Power Set

A Power Set is a set of all the subsets of a set.

OK? Got that? Maybe an example will help...

All The Subsets

When we have a set {a,b,c}:

  • Then a subset of it could be {a} or {b}, or {a,c}, and so on,
  • And {a,b,c} is also a subset of {a,b,c} (yes it is a subset, but not a "proper subset")
  • And the empty set {} is also a subset of {a,b,c}

In fact, when we list all the subsets of S={a,b,c} we get the Power Set of {a,b,c}:

P(S) = { {}, {a}, {b}, {c}, {a, b}, {a, c}, {b, c}, {a, b, c} }

Think of it as all the different ways we can select the items (the order of the items doesn't matter), including selecting none, or all.

How Many Subsets

Easy! If the original set has n members, then the Power Set will have 2n members

Example: in the {a,b,c} example above, there are three members (a,b and c).

So, the Power Set should have 23 = 8, which it does!


The number of members of a set is often written as |S|, so we can write:

|P(S)| = 2n

Example: for the set S={1,2,3,4,5} how many members will the power set have?

Well, S has 5 members, so:

|P(S)| = 2n = 25 = 32

You will see in a minute why the number of members is a power of 2

It's Binary!

And here is the most amazing thing. To create the Power Set, just write down the sequence of binary numbers (using n digits), and then let "1" mean "put the matching member into this subset".

OK, it is easier to show with an example:

  abc Subset
0 000 { }
1 001 {c}
2 010 {b}
3 011 {b,c}
4 100 {a}
5 101 {a,c}
6 110 {a,b}
7 111 {a,b,c}

Well, they are not in a pretty order, but they are all there.

Another Example

Let's eat! We have four flavors of icecream: banana, chocolate, lemon, and strawberry. How many different ways can we have them?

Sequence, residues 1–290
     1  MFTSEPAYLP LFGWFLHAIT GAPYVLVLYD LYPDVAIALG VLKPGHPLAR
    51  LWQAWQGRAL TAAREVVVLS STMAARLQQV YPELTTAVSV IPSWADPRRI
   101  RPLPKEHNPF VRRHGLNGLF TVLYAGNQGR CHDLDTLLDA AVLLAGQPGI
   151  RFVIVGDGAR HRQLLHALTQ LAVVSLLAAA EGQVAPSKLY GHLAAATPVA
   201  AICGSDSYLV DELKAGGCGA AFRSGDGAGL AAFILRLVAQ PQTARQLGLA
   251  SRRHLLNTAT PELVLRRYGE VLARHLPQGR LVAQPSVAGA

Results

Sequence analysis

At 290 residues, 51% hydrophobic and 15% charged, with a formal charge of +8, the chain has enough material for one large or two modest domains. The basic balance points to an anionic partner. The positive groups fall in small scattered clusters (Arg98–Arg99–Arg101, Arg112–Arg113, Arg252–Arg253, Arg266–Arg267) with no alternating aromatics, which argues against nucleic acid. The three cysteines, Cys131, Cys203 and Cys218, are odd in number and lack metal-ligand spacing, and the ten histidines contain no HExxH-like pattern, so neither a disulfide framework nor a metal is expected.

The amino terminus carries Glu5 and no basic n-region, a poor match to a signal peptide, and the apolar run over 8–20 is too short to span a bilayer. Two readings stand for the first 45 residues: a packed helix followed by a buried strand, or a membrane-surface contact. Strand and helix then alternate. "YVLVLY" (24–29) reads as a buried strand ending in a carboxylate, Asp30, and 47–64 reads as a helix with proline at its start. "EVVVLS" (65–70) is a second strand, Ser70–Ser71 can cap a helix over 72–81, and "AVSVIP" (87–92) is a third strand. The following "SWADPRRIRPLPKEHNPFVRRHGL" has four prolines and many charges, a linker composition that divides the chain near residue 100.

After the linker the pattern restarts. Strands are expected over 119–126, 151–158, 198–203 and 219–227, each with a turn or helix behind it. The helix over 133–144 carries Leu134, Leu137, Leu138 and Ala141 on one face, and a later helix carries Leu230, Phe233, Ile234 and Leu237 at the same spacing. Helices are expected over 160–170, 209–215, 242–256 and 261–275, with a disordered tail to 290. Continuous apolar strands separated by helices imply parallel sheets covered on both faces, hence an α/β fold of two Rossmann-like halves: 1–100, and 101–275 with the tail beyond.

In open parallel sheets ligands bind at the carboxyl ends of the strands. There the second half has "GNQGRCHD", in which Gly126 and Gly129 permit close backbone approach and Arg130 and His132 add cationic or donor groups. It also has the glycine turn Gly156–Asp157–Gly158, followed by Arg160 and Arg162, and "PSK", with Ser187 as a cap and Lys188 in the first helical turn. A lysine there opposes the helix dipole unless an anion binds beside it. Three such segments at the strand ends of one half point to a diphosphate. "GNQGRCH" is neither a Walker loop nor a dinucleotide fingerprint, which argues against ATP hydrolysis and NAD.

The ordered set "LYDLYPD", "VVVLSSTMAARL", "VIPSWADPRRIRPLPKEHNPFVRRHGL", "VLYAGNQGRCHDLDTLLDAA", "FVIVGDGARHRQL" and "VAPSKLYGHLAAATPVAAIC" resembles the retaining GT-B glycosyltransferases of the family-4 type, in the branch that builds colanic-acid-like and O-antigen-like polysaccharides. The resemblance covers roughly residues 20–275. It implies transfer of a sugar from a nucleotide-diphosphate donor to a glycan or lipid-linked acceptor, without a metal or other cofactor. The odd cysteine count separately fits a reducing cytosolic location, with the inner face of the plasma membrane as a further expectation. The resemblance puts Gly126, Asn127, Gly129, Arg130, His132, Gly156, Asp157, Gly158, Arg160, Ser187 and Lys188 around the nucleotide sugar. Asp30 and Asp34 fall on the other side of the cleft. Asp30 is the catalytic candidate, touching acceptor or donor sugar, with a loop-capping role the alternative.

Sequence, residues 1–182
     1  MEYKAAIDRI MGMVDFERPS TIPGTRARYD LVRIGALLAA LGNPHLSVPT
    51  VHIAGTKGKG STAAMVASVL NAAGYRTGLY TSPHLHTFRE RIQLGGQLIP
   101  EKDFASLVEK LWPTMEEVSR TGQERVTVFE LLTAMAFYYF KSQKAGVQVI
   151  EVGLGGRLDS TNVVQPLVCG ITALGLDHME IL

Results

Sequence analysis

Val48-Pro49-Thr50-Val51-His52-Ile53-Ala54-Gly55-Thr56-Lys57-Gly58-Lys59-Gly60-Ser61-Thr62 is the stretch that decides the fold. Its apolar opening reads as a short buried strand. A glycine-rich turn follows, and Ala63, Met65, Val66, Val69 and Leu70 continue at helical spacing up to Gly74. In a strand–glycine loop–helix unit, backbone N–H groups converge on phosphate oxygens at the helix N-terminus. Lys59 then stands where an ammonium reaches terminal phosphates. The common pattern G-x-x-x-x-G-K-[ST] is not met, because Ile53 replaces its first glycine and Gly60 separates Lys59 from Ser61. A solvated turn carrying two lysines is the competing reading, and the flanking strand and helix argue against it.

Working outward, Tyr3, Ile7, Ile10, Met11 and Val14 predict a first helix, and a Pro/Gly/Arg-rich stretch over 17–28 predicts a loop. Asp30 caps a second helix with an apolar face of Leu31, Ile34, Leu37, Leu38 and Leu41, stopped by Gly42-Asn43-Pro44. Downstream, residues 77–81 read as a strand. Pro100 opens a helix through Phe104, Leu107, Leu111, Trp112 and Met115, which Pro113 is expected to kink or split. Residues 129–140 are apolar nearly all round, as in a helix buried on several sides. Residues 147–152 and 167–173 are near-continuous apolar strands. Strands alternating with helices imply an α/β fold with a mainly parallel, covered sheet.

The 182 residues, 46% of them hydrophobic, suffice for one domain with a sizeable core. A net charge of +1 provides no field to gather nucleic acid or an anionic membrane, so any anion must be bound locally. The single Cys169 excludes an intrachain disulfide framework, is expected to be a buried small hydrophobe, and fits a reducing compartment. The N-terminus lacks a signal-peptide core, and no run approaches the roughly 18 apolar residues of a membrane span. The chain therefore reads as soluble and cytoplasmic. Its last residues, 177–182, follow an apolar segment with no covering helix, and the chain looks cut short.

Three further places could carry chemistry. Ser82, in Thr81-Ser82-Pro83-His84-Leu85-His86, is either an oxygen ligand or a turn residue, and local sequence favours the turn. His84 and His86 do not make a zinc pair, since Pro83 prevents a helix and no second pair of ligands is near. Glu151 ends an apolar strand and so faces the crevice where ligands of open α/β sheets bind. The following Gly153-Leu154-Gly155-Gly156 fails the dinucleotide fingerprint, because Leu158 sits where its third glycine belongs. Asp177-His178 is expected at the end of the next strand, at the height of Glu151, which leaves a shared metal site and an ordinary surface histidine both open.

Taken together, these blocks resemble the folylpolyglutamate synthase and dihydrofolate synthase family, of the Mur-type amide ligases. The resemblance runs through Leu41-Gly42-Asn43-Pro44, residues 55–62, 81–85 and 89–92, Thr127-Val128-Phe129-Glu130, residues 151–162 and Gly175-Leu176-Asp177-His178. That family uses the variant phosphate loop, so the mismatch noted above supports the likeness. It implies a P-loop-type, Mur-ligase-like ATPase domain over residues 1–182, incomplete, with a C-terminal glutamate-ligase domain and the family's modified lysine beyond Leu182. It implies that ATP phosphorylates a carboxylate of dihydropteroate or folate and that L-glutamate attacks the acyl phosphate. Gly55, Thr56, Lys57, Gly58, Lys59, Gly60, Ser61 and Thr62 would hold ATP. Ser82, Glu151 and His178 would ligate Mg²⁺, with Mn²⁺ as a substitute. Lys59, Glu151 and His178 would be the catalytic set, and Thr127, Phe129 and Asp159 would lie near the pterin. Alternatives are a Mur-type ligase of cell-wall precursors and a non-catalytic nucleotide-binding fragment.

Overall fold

Let's use letters for the flavors: {b, c, l, s}. Example selections include:

  • {} (nothing, you are on a diet)
  • {b, c, l, s} (every flavor)
  • {b, c} (banana and chocolate are good together)
  • etc
Let's make the table:
  bcls Subset
0 0000 {}
1 0001 {s}
2 0010 {l}
3 0011 {l,s}
... ... etc .. ... etc ...
12 1100 {b,c}
13 1101 {b,c,s}
14 1110 {b,c,l}
15 1111 {b,c,l,s}

And the result is (more neatly arranged):

P = { {}, {b}, {c}, {l}, {s}, {b,c}, {b,l}, {b,s}, {c,l}, {c,s}, {l,s}, {b,c,l}, {b,c,s},
{b,l,s}, {c,l,s}, {b,c,l,s} }


In the table above, did you notice that the first subset is empty and the last has every member?

But did you also notice that the second subset has "s", and the second last subset has everything except "s"?


In fact when we mirror that table about the middle we see there is a kind of symmetry.

This is because the binary numbers that we used to help us get all combinations have a beautiful and elegant pattern.

A Prime Example

The Power Set can be useful in unexpected areas. I wanted to find out the factors (not just the prime factors, but all factors) of a number.

I could test all possible numbers: to find the factors of, say 330, I could check 2,3,4,5,6,7,8,9,10 ... etc. Well, there are ways to improve that, but it still takes a long time for large numbers (in my tests, the computer just sat there for ages).

But I could already find the prime factors very quickly, so couldn't I somehow combine the prime factors to make all factors?

Let me see, 330 = 2×3×5×11 (using prime factor tool).

So, all the factors of 330 are:

  • 2,3,5, and 11,
  • 2×3, 2×5 and 2×11 as well, and
  • 2×3×5 and 2×3×11 ... ? Aha! I need a Power Set!

So, my oriignal set is {2,3,5,11} and the power set can be worked out using:

  2,3,5,11 Subset Factor
0 0000 { } 1
1 0001 {11} 11
2 0010 {5} 5
3 0011 {5,11} 5 × 11 = 55
4 0100 {3} 3
5 0101 {3,11} 3 × 11 = 33
  ... etc ... ... etc ... ... etc ...
15 1111 {2,3,5,11} 2 × 3 × 5 × 11 = 330

And the result? The factors of 330 are 1, 2, 3, 5, 6, 10, 11, 15, 22, 30, 33, 55, 66, 110, 165, 330, and -1, -2, -3, etc as well (using the All Factors Tool).


I couldn't resist making this available to you in an automated way.

So, when you need a power set, try Power Set Maker.